Oh, and by the way, I wanted to mention something real quick.  (I was reminded of this by the parachuting association.)  I strongly considered putting this moment on the best-of list:




That, as you may recall, is from the 2012 Olympics opening ceremony, in which a Danny Boyle-directed short film included James Bond escorting the Queen -- played by the actual Queen of England! -- to her helicopter.

James Bond, in his fiftieth year of cinematic existence, was considered an important enough thing that he escorted the QUEEN OF ENGLAND to the Olympics, in a manner of speaking.

I opted not to include the moment because frankly, I wasn't sure where to put it; or whether it actually counted as an all-time-high James Bond as opposed to a Daniel Craig one.

I thought it merited a mention, though, so here it is, in an unofficial honorable-mention capacity.


#2 -- the gunbarrel (Dr. No)




The iconography of the first few moments of Dr. No is absolutely indelible: a white dot bounces across the screen, expands, takes on the metallic gleam of the inside of a gun barrel.  The gun is pointed as a man in a suit, who is calmly walking along, minding his own business; and his business, as it turns out, is the holder of this gun whose barrel we are seeing through.  The man turns and fires, and a wash of blood obscures the vision; the aim wavers, and the would-be assassin fades out forever.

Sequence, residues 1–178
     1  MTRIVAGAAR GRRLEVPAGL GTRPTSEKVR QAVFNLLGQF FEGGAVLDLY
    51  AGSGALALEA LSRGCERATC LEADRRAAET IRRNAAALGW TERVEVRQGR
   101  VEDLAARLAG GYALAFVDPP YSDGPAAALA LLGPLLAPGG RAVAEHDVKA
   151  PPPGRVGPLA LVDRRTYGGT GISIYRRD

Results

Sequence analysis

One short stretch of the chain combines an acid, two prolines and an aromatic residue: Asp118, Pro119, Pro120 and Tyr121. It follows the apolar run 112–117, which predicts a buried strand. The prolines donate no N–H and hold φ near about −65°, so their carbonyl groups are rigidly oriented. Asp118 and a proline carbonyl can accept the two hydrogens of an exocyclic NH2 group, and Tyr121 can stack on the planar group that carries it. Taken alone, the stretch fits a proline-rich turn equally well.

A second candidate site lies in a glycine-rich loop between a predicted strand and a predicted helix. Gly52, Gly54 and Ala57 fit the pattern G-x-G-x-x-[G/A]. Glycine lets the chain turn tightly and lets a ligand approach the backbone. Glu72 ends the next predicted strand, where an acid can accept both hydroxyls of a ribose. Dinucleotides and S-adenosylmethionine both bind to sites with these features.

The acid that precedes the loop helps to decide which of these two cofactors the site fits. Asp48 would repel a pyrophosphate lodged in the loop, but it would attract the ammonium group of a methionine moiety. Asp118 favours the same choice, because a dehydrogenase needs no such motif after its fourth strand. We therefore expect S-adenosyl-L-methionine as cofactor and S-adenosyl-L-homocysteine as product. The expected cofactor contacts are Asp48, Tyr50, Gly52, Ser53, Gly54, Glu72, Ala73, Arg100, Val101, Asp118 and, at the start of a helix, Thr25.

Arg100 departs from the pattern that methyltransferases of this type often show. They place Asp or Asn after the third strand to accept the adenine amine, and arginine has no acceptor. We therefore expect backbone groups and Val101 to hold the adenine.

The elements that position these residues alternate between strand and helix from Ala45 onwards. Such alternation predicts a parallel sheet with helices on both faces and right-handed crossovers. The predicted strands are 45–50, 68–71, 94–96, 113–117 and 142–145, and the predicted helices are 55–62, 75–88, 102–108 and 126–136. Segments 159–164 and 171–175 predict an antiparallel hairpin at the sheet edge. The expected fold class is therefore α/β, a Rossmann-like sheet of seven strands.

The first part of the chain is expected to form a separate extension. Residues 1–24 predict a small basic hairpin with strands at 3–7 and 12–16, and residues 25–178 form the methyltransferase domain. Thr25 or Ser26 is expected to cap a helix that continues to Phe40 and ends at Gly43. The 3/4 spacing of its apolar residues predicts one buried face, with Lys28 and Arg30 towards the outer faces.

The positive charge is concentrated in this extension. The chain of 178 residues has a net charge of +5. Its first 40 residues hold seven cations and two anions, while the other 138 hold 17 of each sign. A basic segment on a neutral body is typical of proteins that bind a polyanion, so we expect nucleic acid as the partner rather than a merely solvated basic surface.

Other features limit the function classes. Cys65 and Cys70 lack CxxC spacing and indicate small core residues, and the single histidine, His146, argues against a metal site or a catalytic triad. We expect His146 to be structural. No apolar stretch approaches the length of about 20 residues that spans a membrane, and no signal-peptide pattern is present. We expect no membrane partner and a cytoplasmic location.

There are perhaps a tiny handful of similar cinematic conventions; the plot-summary crawl at the beginning of the episodic Star Wars films comes to mind, and ... well, that's about it, actually.

What this gunbarrel sequence did for Dr. No probably cannot be overstated; but I think it can be underrated, and I think it probably has been for a long time.

Not around here.

Without this moment -- this awesome, iconic moment -- then "James Bond" is not what we think of it as being.

Same goes for this, our #1 moment:


#1 -- "Bond...JAMES Bond" (Dr. No)




What else could it possibly have been?  Oh, sure, there were some strong contenders.  But in the end, I don't think there is any more iconic moment in the entire series than Connery's delivery of that line.  It's one of the most impactful line readings in all of cinema; it helped to define a character who helped to define a generation, and remains not merely viable several generations later, but vibrant.

Why is that, do you suppose?

I think an overlooked aspect of its success is the notion that Bond is meeting Sylvia Trench on her own terms.  I referred earlier to the sexual revolution, and its significance within this specific film.  Well, Sylvia herself is very nearly as significant a character as Honey Ryder in that regard.  There she is, free as a bird in the Le Cercle club, beholden to no man in any evident way.  She gambles; she flirts shamelessly; she loses money and then risks more of it without a thought of not doing so.  This is a formidable person; a woman, yes, but clearly not content to be defined by that in the manner ones assumes her mother was before her.  She is a new breed, confident and determined.